If you follow me on Twitter, or any of the participants who joined me in spreading the word (and the trash talk) via the #FantasyEnergyLeague hashtag, you’ve already seen the results posted, but I still owed the league and our curious onlookers a review of the results and a teaser of what’s to come. After a brief hiatus amid me moving to a new state and some career developments, I’m here now to deliver a mid-summer recap of the draft and preview how the rest will play out!
The best way to catch up on the premise and the rules is to read the draft preview article, but in short:
- Each participating team will assemble a roster of five state/sector combinations with the goal of acquiring selections that will see the greatest decrease in overall carbon emissions from 2016 to 2017 (2017 data being released in October 2019)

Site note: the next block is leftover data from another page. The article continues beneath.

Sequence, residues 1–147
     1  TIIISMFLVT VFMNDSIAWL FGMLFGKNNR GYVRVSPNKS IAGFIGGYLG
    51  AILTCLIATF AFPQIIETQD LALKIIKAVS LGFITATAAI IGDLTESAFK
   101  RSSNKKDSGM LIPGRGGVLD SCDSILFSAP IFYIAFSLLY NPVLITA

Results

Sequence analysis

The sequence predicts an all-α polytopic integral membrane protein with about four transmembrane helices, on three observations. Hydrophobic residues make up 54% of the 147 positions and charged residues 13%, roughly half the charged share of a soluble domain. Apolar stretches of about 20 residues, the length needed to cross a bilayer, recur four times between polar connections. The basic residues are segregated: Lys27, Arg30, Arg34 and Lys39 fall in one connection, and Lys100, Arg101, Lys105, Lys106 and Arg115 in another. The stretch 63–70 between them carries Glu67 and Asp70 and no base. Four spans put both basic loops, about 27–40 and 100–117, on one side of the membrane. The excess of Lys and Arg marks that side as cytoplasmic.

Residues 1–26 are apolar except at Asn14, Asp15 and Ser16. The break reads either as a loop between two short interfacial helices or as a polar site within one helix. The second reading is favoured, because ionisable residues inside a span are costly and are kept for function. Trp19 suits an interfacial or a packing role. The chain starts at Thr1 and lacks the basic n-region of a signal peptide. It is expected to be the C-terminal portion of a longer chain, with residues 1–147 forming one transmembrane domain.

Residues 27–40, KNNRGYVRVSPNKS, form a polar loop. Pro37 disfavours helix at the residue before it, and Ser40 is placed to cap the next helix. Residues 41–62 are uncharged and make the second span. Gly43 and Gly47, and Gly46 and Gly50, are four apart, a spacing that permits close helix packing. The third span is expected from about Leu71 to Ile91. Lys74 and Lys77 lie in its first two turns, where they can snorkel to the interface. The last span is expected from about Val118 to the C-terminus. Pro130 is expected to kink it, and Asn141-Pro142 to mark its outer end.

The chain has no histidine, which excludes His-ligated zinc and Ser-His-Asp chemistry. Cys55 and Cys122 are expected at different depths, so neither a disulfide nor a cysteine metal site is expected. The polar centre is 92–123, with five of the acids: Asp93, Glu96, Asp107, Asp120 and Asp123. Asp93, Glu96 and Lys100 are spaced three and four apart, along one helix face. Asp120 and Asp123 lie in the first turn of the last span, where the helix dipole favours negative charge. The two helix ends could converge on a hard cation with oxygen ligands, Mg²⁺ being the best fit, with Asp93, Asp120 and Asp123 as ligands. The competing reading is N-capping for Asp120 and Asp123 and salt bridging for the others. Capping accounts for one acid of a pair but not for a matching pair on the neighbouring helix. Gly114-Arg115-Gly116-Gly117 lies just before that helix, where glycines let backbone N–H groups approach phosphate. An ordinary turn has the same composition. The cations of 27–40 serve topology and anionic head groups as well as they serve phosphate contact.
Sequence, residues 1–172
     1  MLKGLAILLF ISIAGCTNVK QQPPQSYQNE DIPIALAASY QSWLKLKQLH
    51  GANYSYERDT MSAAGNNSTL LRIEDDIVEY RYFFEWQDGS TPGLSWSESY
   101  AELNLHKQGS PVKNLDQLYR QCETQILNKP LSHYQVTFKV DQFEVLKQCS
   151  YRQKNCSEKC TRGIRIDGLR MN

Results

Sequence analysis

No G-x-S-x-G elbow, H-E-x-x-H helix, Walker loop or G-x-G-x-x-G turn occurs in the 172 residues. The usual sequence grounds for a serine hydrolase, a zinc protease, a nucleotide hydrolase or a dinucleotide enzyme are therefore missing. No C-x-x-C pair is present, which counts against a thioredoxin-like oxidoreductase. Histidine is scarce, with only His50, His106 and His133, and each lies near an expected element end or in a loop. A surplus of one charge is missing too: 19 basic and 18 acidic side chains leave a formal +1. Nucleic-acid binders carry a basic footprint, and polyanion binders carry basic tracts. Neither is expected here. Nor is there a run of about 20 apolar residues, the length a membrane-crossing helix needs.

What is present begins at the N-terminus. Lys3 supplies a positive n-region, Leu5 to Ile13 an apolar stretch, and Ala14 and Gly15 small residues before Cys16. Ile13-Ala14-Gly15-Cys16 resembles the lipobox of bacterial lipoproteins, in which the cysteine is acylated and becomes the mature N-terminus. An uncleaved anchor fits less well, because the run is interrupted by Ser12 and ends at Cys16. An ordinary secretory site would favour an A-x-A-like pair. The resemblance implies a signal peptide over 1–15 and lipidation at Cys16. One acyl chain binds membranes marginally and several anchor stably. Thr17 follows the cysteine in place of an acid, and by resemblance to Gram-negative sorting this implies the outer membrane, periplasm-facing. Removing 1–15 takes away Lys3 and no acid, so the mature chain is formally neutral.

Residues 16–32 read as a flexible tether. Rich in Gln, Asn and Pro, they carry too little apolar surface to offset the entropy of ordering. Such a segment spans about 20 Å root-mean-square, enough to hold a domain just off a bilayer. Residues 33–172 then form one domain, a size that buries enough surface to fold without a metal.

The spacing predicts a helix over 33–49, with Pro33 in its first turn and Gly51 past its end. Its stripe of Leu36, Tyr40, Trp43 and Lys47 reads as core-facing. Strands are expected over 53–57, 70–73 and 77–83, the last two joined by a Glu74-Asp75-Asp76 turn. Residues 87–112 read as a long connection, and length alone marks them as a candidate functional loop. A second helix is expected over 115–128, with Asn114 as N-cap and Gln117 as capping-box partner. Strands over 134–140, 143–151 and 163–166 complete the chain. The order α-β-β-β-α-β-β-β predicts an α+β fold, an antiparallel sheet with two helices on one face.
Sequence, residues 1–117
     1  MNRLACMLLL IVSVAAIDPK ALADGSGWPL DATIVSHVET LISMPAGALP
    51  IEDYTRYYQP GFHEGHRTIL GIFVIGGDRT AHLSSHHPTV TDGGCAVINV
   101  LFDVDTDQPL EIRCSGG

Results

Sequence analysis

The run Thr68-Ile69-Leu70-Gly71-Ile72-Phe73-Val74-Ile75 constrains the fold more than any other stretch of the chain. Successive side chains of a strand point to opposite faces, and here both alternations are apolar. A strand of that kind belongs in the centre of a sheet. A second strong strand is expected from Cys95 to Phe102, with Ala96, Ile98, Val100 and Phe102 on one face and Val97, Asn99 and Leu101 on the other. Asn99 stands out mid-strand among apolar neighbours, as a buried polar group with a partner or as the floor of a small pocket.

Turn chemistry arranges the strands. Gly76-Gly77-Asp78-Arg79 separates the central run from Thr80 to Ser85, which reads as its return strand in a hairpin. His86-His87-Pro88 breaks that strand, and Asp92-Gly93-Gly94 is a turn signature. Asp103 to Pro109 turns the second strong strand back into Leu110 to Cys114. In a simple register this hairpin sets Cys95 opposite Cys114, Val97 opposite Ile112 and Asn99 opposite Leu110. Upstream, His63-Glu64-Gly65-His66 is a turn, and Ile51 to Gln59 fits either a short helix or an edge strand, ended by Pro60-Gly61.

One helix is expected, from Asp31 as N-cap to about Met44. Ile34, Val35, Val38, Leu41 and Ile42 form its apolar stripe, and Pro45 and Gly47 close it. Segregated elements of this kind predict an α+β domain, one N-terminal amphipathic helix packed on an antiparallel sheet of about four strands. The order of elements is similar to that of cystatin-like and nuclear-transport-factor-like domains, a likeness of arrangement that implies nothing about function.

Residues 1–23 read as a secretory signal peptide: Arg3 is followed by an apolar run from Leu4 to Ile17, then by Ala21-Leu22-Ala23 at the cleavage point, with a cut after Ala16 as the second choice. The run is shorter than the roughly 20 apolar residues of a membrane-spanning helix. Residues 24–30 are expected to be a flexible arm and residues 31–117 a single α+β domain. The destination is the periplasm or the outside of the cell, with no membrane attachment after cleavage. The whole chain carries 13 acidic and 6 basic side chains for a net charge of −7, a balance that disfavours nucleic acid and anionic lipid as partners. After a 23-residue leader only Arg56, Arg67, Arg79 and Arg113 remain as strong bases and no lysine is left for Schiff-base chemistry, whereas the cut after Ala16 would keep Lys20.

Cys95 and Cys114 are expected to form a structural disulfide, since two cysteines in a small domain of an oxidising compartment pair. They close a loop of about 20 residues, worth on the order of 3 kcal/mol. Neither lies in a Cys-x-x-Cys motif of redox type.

- Each state/sector combination can only be selected by one team
- Each team must have a representative from each of the five sectors and cannot have two selections from the same state
- The selection for each team that sees the greatest percentage drop in emissions from one year to the next will represent that team’s wildcard percentage factor that will inflate their final score (e.g., a wildcard percentage factor of 30% will be a multiplier to increase the final emissions reductions achieved by that same 30%)
The logical question to these rules is not necessarily to ask more clarification on how this will work, but why? Why are over a dozen very busy energy professionals taking their free time to work on this exercise? Well, what unites all those participating is a passion to work on this problem of carbon emissions. Be it through technology, markets, politics, or other means, this group is all dedicated towards enacting a clean energy transition that can prevent the worst effects of climate change. So, by approaching this very serious issue through the game-ified lens of fantasy sports, it opens up new ways to think about the problem and spread awareness. I’m thankful to all the teams who participated in the draft, and to read up on who those participants are refer to the draft preview.